Russia Insider – Roku, Web, and more

As time permits, I’ve been wandering through the “few hundred” Roku channels I’d chosen as my starter set. I’d only picked them as they were free and had something that looked like it might interest me. Many turn out to be duds. Some are just golden. Others are a bit of a mystery. A few are just strange…

So today I decided to check out Russia Insider. I had one Russian class about 40 years ago, and can at best pick out a few words, but there are still times I wonder if I ought to pick it up again. Usually a couple of days with my old text book “clarifies” for me that the same issues remain for me. The different alphabet. The complex grammar. But I never seem to quite give up. Besides, Russia Matters. And not just because the UK is continuing “The Great Game” nor because the Soros fed and tamed EU is using it as a cudgel to try to attack Trump, nor even because the EU Wannabe Democrat Progressives are doing the same. The simple fact is that Russia is one of 4 major power centers in the world. USA, EU, Russia, China. What they do matters.

The Channel

The claim is that this stuff is from inside Russia. It certainly looks like it. Some of the video clips have English subtitles, many (perhaps most) do not. What I can follow of the Russian matches the subtitles, so I think it’s a straight translation when you have it.

There are LOTS of interesting videos, and just the titles and descriptions (in English) are an interesting insight into the country. One was a short clip claiming that Russia and an Electronic Warfare capability to render useless all of the USA advanced gear. Blocking everything from radio to radar to satellites. It claims that a Russian jet got inside the defense perimeter of an Aegis Destroyer, then turned on some jamming gear when it detected the ship “lighting it up” and completely disabled the electronics of the ship. “Interesting” if true… Here’s a YouTube claiming the same thing:

True? Not true? There seems to be several sources of confirmation.

So that kind of thing is interesting to find, and this channel seems willing to brag about such things.

Then there was a speech by Putin at an Arctic Conference. It was not translated, but I picked out a few words like “climate” and “arctic”. A short search gave a translation, directly from the Kremlin.

It has an interesting bit on the Russian intent to develop their north shore for commerce.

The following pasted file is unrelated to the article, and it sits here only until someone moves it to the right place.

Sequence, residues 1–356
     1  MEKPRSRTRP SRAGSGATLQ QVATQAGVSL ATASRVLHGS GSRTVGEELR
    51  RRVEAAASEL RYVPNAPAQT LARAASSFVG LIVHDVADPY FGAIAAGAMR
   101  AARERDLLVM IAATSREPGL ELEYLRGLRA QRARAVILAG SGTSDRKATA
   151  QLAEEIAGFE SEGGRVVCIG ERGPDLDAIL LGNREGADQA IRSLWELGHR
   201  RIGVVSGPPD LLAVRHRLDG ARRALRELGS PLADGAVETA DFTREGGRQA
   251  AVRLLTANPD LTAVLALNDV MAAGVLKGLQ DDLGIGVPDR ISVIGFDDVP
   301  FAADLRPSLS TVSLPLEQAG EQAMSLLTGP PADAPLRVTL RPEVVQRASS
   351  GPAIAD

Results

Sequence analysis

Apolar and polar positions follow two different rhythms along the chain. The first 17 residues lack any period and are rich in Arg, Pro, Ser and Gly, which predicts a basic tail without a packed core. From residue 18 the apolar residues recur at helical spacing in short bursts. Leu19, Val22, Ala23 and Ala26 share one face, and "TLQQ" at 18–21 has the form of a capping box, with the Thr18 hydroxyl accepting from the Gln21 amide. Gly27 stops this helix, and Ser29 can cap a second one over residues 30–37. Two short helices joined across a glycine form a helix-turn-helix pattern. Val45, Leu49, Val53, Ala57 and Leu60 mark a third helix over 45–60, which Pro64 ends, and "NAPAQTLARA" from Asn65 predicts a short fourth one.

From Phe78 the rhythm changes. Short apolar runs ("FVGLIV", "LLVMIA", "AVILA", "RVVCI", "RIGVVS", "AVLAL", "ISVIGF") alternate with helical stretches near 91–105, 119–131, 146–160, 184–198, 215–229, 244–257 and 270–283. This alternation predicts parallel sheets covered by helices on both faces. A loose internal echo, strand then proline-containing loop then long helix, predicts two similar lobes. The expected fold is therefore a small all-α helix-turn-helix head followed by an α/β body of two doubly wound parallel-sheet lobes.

Cooperation among scientists and the broad exchange of experience and programmes are particularly important given the scale of the development plans for this territory, including within the framework of large international projects. Of course, one of the recent positive examples is the Yamal LNG project in which seven countries are involved in one way or another.

Russia proceeds from the premise that there is no potential for conflicts in the Arctic region. International norms clearly define the rights of both coastal and other states and serve as a solid basis for joint work in solving any problems, including such sensitive ones as the delineation of the continental shelf in the Arctic Ocean and preventing unregulated fishing in the central part of the sea, which is closed off from the exclusive economic zones of the United States, Canada, Denmark, Norway, and Russia.

I stress that Russia is open to constructive cooperation and is creating all the conditions for its effective development. We have a very extensive economic programme for the Arctic that is calculated for many, many years to come. It already includes over 150 projects with estimated investment of trillions of roubles. Above all else, we will support initiatives that have a multiplier effect for the Arctic regions and for our country as a whole, including through public private partnership mechanisms and the creation of so-called development support zones, which we regard not only as territories but primarily as a list of coordinated, mutually complementary projects, as well as instruments of state support. These and many other measures will be included in the new version of the state programme for the development of Russia’s Arctic zone. In particular, we are talking about the formation of a block of modern scientific and technological solutions that are needed in the difficult conditions of this region, improvements in the environmental monitoring system, and the development of offshore deposits. We devote special attention to the Northern Sea Route, which I just spoke about at the start of my address.